Following the release of the 2011 draft Guidance for Industry Oversight of Clinical Investigations-A Risk-Based Approach to Monitoring, sponsors are looking for more ways to implement this approach that will mutually benefit the sites and sponsors without jeopardizing the safety of the subjects and the quality of the data. One suggestion that has been noted in the field leans toward hospitals allowing monitors access to electronic medical records (EMR) to monitor remotely.
Listed are the Top 5 Reasons that sponsors may want to pursue this route for monitoring and how hospitals/investigational sites can also reap the benefits:
- Increased efficiency - This is a win-win for the coordinators and monitors. Monitors can focus their time on-site for monitoring tasks that cannot be done remotely such as product accountability and will require less time from the coordinator while on site. Monitoring visits could go from frequent, multiple day visits to periodic ½ day visits. Coordinators won’t dread monitoring visits and view them as time monopolizers.
- Improved productivity - Monitors take up coordinators’ valuable time. The more time that a coordinator spends with a monitor is less time that could be spent recruiting and enrolling subjects into the sponsor’s studies. Similarly for monitors, less time spent on traveling could be funneled into more time monitoring remotely.
- More cost effective - The more remote monitoring a sponsor can conduct, the less the monitors are on the road spending sponsor’s dollars on travel.
- Fewer monitoring visits - Keeping monitors in the office more and on the road less will significantly decrease monitor burnout and turnover. A site will be more likely to have 1 or 2 monitors for the life of a study at their site rather than 5 or 6. Not only is this helpful for the monitors, but also beneficial for the sponsor. Less time and cost is spent on-boarding and training new monitors. A site’s burden is decreased by not having to familiarize new monitors with the sites standard operating procedures.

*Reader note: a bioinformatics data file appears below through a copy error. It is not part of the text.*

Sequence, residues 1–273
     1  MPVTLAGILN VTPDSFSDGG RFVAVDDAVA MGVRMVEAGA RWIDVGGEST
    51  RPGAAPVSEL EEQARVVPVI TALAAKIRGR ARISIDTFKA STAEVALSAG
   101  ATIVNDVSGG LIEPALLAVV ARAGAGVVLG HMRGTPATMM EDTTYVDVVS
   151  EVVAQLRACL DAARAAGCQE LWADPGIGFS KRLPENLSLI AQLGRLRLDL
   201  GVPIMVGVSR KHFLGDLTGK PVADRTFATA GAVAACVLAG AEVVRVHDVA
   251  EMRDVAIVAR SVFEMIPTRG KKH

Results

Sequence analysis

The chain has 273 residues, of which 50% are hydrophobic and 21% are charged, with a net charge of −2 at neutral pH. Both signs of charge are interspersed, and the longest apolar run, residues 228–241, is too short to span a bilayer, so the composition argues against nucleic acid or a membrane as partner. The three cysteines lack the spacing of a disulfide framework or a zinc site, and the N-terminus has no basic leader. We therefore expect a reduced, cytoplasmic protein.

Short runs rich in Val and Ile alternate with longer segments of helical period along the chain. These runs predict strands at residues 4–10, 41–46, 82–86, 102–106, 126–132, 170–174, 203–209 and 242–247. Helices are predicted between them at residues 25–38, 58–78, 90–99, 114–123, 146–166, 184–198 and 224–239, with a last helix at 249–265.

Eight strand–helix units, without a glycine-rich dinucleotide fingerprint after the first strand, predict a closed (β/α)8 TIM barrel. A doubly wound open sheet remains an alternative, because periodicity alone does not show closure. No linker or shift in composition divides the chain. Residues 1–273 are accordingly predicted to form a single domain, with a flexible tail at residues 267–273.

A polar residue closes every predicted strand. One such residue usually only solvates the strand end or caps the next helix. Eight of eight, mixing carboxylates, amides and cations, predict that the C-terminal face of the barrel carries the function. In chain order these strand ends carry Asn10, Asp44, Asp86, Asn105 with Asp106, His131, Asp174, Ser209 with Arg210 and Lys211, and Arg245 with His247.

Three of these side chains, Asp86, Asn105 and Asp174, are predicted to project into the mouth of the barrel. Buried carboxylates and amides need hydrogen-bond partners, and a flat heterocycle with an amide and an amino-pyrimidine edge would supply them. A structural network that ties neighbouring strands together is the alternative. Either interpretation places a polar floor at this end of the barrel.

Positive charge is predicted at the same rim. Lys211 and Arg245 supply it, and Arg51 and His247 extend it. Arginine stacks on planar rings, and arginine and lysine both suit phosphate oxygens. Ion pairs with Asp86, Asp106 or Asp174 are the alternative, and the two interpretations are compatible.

- Real time-identification of non-compliances and adverse events - Good monitors are aware of their sites patient follow-up schedules. Monitors can assist sites in identifying non-compliances and adverse events by reviewing the EMR shortly after visits happen. This can decrease the amount of systematic errors that are most often identified during on-site visits after several repeating errors.
Do you know any hospitals that are allowing monitors access to EMR for remote monitoring? Can you identify reasons that hospitals may be hesitant to allow such access? What other challenges might sponsors face in attempts of implementing this practice to align with a risk-based monitoring approach?
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